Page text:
Plugins make managing your site A LOT easier, especially for less tech-savvy clients. However, it also leaves the door of your website open for malfunctioning, security risks and maintenance. WP is open source, which means anyone and everyone can code for a plugin and make it public. You just don’t have a lot of control over the back-end of these plugins and how they’re functioning or working with the rest of your website.

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5) Clean designs + clean code:

Squarespace is a one stop shop, as I mentioned. That means they have an entire team of designers and developers working together to put out beautiful templates for your website. This builds a lot of credibility in the cleanliness of the design and code working together. There’s less clutter, less room for malfunctioning and better code for some trusted SEO.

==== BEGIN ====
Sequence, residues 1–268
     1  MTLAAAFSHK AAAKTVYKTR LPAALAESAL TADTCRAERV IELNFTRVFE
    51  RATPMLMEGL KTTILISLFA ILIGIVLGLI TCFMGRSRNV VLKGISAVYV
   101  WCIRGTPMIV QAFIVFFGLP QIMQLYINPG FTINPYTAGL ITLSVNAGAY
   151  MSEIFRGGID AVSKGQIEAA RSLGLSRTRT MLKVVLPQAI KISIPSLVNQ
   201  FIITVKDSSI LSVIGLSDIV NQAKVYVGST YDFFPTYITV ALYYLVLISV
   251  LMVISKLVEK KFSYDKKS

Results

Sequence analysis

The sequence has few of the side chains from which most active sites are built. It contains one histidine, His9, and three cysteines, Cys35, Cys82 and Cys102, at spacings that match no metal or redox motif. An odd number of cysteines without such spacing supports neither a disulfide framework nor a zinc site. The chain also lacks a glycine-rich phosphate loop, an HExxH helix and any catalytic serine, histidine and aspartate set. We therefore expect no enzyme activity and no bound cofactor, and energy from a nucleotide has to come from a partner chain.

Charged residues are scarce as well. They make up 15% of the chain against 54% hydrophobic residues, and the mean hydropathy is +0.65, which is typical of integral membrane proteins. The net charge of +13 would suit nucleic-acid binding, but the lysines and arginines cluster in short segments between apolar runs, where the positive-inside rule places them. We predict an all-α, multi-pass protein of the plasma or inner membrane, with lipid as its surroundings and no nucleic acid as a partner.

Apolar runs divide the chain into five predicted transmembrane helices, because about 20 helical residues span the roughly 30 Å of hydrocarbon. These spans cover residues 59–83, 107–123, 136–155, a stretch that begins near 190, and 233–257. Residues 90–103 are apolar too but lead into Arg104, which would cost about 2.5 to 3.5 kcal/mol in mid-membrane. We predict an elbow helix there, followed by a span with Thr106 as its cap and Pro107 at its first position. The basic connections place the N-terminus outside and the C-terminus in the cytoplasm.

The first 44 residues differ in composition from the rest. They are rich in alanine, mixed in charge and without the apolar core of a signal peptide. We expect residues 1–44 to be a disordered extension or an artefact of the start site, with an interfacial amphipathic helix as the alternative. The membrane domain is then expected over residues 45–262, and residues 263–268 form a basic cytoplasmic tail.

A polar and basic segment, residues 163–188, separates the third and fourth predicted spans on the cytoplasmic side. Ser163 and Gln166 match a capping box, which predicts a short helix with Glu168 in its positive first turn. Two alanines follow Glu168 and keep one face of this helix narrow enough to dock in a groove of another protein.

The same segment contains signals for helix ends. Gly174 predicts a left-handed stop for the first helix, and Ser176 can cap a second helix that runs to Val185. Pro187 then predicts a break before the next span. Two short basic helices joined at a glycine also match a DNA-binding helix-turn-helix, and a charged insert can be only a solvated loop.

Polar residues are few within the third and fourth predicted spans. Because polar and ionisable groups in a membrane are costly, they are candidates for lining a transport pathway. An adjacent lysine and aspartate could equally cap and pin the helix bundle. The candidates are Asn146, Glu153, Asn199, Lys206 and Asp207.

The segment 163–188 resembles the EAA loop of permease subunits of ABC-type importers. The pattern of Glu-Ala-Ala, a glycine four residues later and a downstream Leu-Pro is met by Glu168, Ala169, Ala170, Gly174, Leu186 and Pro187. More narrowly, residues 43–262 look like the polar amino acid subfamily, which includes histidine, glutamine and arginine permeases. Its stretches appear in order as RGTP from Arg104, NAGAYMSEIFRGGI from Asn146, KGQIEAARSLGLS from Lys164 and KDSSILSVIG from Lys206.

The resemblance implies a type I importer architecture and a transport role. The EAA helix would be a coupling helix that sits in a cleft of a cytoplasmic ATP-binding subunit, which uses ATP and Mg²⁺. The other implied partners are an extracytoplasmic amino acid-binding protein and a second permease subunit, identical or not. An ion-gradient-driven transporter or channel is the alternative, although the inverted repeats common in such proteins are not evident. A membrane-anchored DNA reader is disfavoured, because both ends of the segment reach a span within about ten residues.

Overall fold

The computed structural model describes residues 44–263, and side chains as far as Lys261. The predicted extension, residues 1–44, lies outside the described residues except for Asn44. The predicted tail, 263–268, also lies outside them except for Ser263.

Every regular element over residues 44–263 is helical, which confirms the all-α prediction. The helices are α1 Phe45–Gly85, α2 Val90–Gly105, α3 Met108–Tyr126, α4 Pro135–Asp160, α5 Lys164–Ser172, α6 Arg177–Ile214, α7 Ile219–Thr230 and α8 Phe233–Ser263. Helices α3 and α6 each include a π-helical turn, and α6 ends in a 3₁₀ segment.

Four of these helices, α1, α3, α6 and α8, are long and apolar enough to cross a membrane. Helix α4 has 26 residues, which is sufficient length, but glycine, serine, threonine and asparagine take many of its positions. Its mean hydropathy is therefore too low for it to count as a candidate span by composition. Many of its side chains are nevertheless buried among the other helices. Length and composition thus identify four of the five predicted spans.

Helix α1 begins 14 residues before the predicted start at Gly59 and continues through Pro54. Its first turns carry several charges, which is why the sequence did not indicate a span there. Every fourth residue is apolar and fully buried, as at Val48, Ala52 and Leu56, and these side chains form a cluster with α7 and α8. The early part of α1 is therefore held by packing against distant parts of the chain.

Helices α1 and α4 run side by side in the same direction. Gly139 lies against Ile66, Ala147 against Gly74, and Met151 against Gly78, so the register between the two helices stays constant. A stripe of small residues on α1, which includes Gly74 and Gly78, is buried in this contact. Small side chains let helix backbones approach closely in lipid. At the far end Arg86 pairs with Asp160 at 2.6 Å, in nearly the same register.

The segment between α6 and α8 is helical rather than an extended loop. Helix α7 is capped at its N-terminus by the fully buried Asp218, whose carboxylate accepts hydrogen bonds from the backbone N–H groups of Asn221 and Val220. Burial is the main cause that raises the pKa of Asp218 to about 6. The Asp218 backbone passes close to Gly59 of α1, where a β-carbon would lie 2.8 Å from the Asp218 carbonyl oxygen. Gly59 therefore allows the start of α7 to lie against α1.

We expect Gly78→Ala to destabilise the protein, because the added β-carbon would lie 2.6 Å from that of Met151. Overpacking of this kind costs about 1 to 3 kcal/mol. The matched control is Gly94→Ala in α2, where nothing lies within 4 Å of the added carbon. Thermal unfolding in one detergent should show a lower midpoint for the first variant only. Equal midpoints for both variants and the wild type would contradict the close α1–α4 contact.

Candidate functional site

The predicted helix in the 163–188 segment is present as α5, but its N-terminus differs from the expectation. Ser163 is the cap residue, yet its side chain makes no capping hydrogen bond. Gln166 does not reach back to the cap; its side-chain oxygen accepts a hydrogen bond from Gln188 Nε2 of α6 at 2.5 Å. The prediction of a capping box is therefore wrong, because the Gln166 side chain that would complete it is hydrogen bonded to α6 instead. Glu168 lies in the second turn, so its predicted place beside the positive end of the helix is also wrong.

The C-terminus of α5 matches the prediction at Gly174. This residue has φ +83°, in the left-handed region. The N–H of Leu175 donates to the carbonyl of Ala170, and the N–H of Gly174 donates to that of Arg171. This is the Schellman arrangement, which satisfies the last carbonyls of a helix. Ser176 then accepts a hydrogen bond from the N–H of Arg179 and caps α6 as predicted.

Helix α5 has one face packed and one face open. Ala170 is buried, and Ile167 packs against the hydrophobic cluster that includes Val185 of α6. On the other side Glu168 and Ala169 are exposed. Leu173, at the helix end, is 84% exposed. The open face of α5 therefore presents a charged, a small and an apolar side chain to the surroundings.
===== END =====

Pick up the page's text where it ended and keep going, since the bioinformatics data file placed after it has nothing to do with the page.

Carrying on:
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I want to make something clear here. I’m most certainly NOT bashing Wordpress in this post. I LOVE Wordpress and I use it every single day for client projects. Sometimes it’s the very best option for a business. 

But for my own website needs and maintenance, I have decided once and for all (I think? I hope...) that Squarespace is going to be the best choice for me in the long run. 


Wordpress vs. Squarespace: The Pros + Cons

Just to recap, I want to share a summary of some pros and cons of each of the platforms: